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Taking charge of telecommuting

The pandemic driven shift to telecommuting has brought with it some challenges asking for mental strength, determination and resilience.

Published : 17.03.2021

Finland has had the biggest shift to telecommuting of any European Union country during the coronavirus pandemic, according to a survey conducted by the European Foundation for the Improvement of Living and Working Conditions.

Telecommuting, working from home or any other remote office, has become our new normal. In this shift towards telecommuting, we have adjusted to Zoom meetings, remote planning and simply staying focused at home, which has not been all easy. The shift has required some amounts of determination along the way. Below are some of my thoughts linked to this new way of working.

Determination and discipline

In the beginning, it was difficult for me to figure out how to get work done at home. It was especially challenging because I did not have a dedicated home office or desk space. I could have turned the sofa into a space for working, but the risks of turning into a couch potato were too obvious.

With some determination, I found a space that gives enough privacy and has allowed me to be productive.

Another of my challenges with working from home was how to stay active. Initially, my activity levels decreased and the daily travel got a lot shorter. Some days I would simply roll out of my bed and there I was at my desk for the online meeting. I did not have many excuses to get outside.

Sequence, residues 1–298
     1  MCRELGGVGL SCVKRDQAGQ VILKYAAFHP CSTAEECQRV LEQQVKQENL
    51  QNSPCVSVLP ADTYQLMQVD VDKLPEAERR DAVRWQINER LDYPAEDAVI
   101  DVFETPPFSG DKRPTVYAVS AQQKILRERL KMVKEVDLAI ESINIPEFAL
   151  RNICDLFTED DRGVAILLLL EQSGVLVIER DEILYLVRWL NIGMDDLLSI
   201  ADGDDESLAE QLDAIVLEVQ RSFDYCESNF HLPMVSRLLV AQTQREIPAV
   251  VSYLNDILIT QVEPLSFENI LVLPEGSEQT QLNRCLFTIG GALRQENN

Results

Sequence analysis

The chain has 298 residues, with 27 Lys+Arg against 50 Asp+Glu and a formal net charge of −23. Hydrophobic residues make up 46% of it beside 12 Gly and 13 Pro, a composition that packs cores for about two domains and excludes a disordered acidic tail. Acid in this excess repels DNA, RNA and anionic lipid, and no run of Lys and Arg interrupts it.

I had to finally push myself into activity by frequently changing positions, taking small breaks and stretching in between the meetings. With some determination, I actually chose to take a particular stand against sitting.

Telecommuting saves a lot of time. Time that I started to fill with work until I realised the impact this had on my work-life balance. The boundaries between work and personal life became blurred. Again, it required a lot of disciplining myself to get the balance back.

Setting up a work schedule and sticking to it, was the cure. I have found it useful to indicate when I am offline and when I am available for online communication. Scheduling after-work activities has stopped me from working late and logging into my computer during weekends. This has helped me to spend more time with my family, which is definitely valuable.

Overall, I believe that the shift to telecommuting has not changed work that much. The shift has rather challenged our attitude towards change and our determination to make things work. The crucial thing has been to find the mental strength and resilience to manage the changes.